Despite a tumultuous year, China holds its ranking at 27th in the 2019 Soft Power 30 index, a testament to the strength and resilience of its soft power assets. The emerging global power has been facing geopolitical (and reputational) challenges on multiple front over the past year. The US-China trade war; blacklisting of Huawei by the US; escalating criticism of the treatment of Uighurs in the Xinjiang province; continued tensions on the South China Sea; and most recently the pro-democracy, anti-Beijing demonstrations in Hong Kong have all put pressure on global perceptions of China. The result of that pressure has been a fall in China’s performance in the international polling, sliding three spots. For all the bad publicity, a slide of only three spots in the polling is noteworthy. Chinese resilience has proven itself again but must not be taken for granted in an increasingly interconnected and informed world. Not many can dispute the rise of China as an economic powerhouse, but its role as an influential power that has positive impact on today’s global challenges remains to be seen. China’s growing soft power strengths in culture, education, and enterprise, will continue to be tempered by negative global perceptions of China’s foreign policy and human rights issues. Until China can find a better balance between these conflicting forces on its soft power, the top 20 looks out of reach.
China is a cultural juggernaut, and this year it moves up one place to rank 8th in the Culture sub-index. This comes as no surprise with China’s rich culture; it has the highest number of UNESCO World Heritage Sites in the world and the second highest number of Olympic medals from the 2016 Rio Summer Olympics and 2018 Pyeongchang Winter Olympics. China also continues to perform well in the art and tourism metrics. Beyond culture, China also performed relatively well in the Education and Enterprise sub-indices, although its ranking in Education dropped by four places this year.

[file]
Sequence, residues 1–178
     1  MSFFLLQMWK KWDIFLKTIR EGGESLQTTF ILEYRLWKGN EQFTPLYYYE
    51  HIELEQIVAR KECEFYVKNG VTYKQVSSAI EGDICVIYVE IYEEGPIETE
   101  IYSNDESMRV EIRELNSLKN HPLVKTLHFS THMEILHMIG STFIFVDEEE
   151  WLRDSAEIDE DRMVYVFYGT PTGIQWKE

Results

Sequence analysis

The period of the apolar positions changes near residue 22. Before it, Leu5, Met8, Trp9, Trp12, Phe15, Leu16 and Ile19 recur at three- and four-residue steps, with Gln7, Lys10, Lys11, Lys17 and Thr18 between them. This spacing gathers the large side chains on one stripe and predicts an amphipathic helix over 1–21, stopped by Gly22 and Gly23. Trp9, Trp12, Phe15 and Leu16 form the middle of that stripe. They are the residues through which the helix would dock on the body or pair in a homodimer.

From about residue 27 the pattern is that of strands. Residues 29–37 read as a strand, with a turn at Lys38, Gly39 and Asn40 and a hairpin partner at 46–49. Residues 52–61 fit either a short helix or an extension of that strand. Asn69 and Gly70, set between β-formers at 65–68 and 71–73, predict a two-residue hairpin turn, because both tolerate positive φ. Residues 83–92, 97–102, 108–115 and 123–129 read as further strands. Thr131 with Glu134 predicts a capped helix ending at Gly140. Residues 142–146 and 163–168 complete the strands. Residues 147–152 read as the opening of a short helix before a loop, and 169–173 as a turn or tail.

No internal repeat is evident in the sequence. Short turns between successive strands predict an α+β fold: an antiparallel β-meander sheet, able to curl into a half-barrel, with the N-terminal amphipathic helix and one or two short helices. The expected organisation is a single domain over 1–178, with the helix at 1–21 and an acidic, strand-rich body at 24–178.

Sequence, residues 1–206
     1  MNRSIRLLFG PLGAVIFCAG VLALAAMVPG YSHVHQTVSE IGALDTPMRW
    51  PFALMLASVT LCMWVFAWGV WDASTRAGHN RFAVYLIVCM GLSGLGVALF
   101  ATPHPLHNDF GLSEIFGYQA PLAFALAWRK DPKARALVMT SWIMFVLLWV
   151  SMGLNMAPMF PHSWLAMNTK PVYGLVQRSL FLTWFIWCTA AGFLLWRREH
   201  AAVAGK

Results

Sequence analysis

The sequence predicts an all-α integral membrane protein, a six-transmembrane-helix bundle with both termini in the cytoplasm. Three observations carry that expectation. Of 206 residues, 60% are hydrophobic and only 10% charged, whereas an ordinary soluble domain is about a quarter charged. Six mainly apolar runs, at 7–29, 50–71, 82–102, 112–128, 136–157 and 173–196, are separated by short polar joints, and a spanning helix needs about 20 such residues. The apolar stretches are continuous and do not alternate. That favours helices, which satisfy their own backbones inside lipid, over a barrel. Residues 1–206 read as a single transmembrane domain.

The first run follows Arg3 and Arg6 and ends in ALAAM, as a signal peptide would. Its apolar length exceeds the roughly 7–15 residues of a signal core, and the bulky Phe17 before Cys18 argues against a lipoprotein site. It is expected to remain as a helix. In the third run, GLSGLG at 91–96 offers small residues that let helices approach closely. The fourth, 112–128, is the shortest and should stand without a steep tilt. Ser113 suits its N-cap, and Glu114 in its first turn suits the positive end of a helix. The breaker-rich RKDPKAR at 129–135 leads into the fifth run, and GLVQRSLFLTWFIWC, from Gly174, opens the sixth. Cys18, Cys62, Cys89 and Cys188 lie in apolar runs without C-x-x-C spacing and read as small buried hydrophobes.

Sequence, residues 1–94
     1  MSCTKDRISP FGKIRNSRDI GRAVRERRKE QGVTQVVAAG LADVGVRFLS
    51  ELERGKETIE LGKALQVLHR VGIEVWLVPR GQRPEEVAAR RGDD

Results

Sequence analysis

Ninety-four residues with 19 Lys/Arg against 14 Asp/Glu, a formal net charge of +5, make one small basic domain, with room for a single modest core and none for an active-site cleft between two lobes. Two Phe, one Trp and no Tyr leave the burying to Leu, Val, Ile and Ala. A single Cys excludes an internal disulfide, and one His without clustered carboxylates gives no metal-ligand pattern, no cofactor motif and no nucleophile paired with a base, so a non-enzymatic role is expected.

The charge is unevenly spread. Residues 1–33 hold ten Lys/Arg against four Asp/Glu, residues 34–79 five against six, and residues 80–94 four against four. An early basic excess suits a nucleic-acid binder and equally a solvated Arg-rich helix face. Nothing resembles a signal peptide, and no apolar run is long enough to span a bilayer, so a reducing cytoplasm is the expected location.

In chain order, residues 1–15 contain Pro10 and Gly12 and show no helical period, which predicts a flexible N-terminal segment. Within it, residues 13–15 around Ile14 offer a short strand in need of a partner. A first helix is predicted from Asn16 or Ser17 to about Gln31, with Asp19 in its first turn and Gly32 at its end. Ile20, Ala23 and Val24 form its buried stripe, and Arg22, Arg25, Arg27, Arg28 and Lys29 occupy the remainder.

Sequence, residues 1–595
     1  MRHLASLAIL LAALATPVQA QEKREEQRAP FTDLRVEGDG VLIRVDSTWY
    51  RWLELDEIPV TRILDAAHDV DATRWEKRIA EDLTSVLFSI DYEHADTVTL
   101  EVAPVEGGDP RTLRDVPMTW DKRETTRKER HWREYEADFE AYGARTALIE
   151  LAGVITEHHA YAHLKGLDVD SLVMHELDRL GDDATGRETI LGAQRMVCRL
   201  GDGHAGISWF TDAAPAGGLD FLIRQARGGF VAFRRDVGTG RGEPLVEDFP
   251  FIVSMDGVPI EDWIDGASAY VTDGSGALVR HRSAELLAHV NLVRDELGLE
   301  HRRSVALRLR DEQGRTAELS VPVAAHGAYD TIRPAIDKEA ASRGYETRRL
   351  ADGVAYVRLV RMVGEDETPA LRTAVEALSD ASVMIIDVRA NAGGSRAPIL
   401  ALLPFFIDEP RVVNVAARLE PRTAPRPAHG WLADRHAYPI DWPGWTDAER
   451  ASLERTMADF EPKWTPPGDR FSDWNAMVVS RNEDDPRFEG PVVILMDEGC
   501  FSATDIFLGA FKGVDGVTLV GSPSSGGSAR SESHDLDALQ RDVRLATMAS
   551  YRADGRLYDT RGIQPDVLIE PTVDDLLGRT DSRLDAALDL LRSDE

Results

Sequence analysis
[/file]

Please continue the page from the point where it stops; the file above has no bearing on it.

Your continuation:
Unsurprisingly, China’s weaknesses in the Government sub-index stems from low scores in areas of individual freedoms and liberties. China also struggles to perform in the Digital sub-index, due to the lack of an official online presence on Facebook, and overall low number of internet users and secure internet servers. These areas highlight the distance between the soft power appeal of openness, transparency, and freedom and the China’s closed model of government.
The formidable strength of Chinese culture must not be taken for granted. With popular culture like the drama series Yanxi Palace gaining popularity around the world, and the spread of Chinese food, art, and music beyond the world’s many Chinatowns, China should leverage on its strong cultural assets to improve its overall soft power. However, while culture is a highly visible and effective touch point, international perceptions are heavily influenced by a country’s approach to global affairs. How China will use its rising global power status is still an open question. Until global audiences see China as an unequivocal force for good in the world, China will struggle to generate the soft power one might expect of such an important and great nation.